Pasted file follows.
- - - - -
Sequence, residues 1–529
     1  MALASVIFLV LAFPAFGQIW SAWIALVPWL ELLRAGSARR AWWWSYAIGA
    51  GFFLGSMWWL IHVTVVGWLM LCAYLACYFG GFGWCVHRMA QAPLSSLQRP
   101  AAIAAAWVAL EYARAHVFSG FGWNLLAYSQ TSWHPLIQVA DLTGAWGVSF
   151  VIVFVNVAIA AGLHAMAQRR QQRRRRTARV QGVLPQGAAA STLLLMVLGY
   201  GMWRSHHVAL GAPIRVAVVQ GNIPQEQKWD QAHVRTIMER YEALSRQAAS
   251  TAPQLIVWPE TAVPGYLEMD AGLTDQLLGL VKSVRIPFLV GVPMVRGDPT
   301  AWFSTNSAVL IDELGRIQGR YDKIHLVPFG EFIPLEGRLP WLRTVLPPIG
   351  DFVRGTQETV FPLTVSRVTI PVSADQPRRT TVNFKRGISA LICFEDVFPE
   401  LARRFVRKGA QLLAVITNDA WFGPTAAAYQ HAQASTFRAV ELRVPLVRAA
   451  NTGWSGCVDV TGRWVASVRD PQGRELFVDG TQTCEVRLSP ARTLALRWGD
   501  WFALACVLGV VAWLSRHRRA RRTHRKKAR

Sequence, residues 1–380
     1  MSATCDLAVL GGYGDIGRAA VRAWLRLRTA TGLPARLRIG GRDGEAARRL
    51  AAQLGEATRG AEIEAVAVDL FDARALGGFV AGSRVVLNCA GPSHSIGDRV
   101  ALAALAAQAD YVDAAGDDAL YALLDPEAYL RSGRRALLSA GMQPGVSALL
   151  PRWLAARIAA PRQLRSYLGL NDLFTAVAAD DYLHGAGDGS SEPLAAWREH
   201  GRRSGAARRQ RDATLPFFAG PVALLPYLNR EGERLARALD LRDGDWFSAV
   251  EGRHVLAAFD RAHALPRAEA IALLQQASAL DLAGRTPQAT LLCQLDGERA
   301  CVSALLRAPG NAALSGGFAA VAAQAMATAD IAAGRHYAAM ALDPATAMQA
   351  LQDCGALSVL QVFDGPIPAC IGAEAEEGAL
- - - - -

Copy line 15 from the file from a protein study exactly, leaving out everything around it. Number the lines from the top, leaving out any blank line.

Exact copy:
    51  AAQLGEATRG AEIEAVAVDL FDARALGGFV AGSRVVLNCA GPSHSIGDRV